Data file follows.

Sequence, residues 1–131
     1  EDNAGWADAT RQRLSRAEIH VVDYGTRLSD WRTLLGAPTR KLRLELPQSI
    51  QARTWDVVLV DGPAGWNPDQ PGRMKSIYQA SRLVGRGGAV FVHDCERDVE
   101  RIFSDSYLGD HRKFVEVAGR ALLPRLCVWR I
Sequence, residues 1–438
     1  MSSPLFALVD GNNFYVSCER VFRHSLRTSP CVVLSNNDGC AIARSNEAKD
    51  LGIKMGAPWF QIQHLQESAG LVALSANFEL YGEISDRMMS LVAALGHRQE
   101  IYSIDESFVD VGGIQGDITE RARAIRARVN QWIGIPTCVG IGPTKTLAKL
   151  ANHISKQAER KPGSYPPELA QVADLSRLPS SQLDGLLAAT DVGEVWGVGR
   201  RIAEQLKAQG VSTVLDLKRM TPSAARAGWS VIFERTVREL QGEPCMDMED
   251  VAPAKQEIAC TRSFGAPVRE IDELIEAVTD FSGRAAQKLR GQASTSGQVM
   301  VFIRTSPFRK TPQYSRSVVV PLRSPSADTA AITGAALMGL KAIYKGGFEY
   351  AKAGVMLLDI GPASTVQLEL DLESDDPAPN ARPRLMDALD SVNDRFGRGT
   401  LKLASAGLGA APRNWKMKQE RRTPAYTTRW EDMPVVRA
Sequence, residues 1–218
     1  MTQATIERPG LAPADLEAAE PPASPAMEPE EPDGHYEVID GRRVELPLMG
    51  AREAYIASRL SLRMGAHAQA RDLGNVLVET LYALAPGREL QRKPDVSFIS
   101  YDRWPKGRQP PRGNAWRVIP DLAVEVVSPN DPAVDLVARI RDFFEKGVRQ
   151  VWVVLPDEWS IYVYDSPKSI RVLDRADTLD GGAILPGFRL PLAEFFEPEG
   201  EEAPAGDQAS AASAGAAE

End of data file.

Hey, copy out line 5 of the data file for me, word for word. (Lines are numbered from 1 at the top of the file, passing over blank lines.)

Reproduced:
Sequence, residues 1–438